Hewlett-Packard and Compaq: If It Goes Through, Here’s How to Try and Make It Work

Hewlett-Packard’s proposed acquisition of Compaq Computer has been about as well received as a brass-knuckles exhibit at a convention of pacifists. Investors do not like the idea at all, and the stocks of the two personal-computer makers have plummeted since the deal was announced on Sept. 3.

Faculty members at Wharton who have studied mergers and acquisitions and industry consolidations say Wall Street’s thumbs-down comes as no surprise because this proposed marriage appears about as star-crossed as any relationship could be. Still, if H-P and Compaq proceed with the transaction and receive shareholder and regulatory approval, there still may be additional ways to try to strengthen the new company’s competitive position, say several professors.

However, the consensus is that, as things stand, the companies will have a difficult time making a merger work. “I think it looks desperate,” says Robert E. Mittelstaedt Jr., vice dean and director of Wharton’s Aresty Institute of Executive Education. “I don’t see a bright side to it. I think they’re both struggling and they’re throwing something up against the wall to see if anything sticks.”

“Computer services – everything from repair services to technical assistance to running computer networks – is still a good business,” says marketing professor George Day. “But the PC-manufacturing part of the industry is really in bad shape. That’s why I think the Street is so down on this merger. It would put together two weak players in a crummy industry.”

Day says Compaq and H-P are not prepared to compete effectively against IBM in providing information-technology services. Nor, he says, could a combined company hope to make a serious run at Dell Computer, which is the leader in selling made-to-order PCs at low prices. Day also says that Compaq and H-P have “two very different cultures, so their integration problems are huge.”

Daniel Levinthal, professor of management and economics, points out that Compaq has yet to fully digest its acquisition of 1998 Digital Equipment, a deal that many consider to be a failure.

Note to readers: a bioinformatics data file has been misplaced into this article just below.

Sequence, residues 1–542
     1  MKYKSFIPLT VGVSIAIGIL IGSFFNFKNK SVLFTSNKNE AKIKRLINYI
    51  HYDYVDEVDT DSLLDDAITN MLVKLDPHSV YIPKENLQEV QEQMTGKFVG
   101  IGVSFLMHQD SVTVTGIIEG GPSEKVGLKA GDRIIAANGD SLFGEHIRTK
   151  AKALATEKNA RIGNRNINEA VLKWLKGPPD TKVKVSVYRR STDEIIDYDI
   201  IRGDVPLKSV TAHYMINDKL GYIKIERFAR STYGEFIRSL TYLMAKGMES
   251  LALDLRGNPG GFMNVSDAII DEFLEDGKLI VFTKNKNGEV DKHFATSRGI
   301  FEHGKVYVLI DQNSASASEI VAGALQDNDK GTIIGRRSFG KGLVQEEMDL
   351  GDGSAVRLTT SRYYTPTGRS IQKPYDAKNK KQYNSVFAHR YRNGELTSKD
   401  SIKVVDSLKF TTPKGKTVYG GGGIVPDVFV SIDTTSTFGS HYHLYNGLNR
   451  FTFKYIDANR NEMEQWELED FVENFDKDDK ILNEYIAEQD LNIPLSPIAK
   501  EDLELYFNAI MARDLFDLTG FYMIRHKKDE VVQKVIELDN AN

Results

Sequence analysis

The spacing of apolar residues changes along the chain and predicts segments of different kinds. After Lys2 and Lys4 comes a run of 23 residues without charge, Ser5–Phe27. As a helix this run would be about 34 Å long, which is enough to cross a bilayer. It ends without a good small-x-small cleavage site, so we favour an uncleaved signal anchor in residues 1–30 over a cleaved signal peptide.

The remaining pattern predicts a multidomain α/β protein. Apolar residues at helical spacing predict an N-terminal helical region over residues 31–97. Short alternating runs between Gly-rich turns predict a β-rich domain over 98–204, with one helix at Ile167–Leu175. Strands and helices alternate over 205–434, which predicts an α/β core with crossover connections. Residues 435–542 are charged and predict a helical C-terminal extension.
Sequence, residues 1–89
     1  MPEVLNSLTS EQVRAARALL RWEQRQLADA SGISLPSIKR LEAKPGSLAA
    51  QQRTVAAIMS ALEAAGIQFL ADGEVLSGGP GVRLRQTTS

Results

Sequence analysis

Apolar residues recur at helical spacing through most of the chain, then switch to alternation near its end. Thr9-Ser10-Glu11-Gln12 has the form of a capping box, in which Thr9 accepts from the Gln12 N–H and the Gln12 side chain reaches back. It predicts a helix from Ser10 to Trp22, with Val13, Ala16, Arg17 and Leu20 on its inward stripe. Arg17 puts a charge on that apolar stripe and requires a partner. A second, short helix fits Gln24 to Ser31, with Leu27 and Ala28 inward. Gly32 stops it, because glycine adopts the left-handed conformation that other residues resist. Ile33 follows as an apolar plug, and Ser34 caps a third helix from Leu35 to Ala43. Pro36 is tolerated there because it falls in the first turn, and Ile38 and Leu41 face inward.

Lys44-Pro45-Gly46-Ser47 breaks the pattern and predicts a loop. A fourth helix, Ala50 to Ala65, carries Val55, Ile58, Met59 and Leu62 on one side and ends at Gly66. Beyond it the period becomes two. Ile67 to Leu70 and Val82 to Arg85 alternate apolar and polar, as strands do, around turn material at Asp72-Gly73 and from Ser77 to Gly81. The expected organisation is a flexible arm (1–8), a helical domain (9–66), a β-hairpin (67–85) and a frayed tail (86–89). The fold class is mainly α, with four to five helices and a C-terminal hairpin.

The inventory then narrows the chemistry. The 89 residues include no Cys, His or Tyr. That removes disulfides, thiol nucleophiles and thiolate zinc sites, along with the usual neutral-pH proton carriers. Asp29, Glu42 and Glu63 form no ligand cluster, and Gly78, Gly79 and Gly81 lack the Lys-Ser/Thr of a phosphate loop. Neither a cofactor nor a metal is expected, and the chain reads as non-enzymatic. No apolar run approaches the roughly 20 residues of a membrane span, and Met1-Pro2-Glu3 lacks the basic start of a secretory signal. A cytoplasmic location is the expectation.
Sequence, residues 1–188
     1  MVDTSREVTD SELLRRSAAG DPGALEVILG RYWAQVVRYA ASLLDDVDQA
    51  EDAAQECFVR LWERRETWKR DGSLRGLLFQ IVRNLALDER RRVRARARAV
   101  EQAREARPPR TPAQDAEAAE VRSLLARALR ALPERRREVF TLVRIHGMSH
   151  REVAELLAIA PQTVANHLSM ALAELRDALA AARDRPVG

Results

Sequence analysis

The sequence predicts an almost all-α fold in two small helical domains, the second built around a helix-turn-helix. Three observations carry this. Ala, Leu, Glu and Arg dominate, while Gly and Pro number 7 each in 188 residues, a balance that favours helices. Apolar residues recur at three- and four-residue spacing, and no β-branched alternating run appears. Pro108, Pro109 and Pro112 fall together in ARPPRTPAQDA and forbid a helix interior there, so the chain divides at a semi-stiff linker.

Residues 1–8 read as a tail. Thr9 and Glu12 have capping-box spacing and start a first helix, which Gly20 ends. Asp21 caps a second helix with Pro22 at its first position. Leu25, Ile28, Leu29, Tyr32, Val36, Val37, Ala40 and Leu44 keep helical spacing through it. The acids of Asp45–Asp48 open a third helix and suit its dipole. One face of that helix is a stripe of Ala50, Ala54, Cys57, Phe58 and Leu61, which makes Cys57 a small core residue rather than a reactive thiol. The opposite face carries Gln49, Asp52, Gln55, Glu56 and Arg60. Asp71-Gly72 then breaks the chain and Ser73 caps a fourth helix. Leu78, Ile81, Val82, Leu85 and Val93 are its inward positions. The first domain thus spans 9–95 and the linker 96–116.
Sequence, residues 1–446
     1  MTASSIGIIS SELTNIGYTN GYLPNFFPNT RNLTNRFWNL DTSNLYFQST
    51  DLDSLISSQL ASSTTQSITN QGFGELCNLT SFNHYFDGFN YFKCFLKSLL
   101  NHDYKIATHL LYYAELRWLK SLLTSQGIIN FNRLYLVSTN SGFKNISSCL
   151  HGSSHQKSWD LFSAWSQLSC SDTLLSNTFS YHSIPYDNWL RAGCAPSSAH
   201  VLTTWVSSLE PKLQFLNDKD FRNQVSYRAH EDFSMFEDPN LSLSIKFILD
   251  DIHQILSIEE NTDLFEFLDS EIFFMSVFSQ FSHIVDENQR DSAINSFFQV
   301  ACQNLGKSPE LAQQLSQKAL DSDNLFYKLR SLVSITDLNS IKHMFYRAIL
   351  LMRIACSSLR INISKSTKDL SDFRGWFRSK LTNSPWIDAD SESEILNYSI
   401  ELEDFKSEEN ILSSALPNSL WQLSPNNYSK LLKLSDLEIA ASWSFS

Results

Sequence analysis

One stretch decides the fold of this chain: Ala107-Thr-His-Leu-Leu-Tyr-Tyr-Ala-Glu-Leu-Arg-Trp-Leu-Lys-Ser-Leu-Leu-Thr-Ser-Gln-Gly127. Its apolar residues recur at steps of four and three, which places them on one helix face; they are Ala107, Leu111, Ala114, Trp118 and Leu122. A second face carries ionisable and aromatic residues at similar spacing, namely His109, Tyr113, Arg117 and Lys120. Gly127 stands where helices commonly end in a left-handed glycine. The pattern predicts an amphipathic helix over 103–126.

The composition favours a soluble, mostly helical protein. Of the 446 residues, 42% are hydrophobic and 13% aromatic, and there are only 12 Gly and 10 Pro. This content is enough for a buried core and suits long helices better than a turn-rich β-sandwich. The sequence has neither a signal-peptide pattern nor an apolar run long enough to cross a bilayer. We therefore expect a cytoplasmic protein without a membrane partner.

For their part, H-P, of Palo Alto, Calif., and Houston-based Compaq say they remain excited about joining forces. They say the merger would make the combined firm, with $87 billion in annual sales, the world’s No. 1 organization in servers, PCs, hand-held computers, and imaging and printing. What is more, they say, the new company would have leading positions in IT services, storage and management software. The companies expect to eliminate 15,000 jobs and save $2.5 billion after merging.

H-P CEO Carleton (Carly) Fiorina and Compaq chief executive Michael Capellas have been vocal in touting the benefits of a deal. But given Wall Street’s harsh reaction, management professor Harbir Singh says Fiorina and Capellas may wish they could find a face-saving way to call off the transaction and, as separate entities, look for other ways to adapt in an industry that is ripe for a big-time shakeout.

One option would be to adopt a “last-survivor strategy” and try to be one of the few PC companies to remain standing after others disappear in a shakeout, faculty members say. Another option would be to form alliances with consulting companies that provide high-margin computer services to corporate clients.

All of the professors agree that H-P’s move to buy Compaq represents a textbook case of what happens when companies feel the enormous pressures that arise when a once-vibrant industry matures, sales growth sputters and profit margins get squeezed. In such an environment, consolidation looks to be the best way to weather the storm.

Eric Clemons, professor of operations and information management, points out that companies typically merge for any number of reasons. They may wish to obtain complementary resources, as when a company like Ford acquires Volvo and Jaguar, or to add to their geographic coverage, as when a European company buys an Asian firm. Or, companies may want to provide an integrated portfolio of products or services; a merger of a bank and an investment firm can achieve this goal.

In H-P’s case, Fiorina wants to acquire Compaq for another classic reason: to obtain critical scale in a core business and thus reduce costs. But Clemons finds this rationale unconvincing in H-P’s case.

“Even the most profitable PC makers do not seem to have [size and] scale comparable to IBM’s, and those PC makers are doing much better” than H-P or Compaq, he says. “Carly may wish to take H-P into services, but I do not see how acquiring Compaq could be anything but a distraction if she wants to move H-P in that direction.”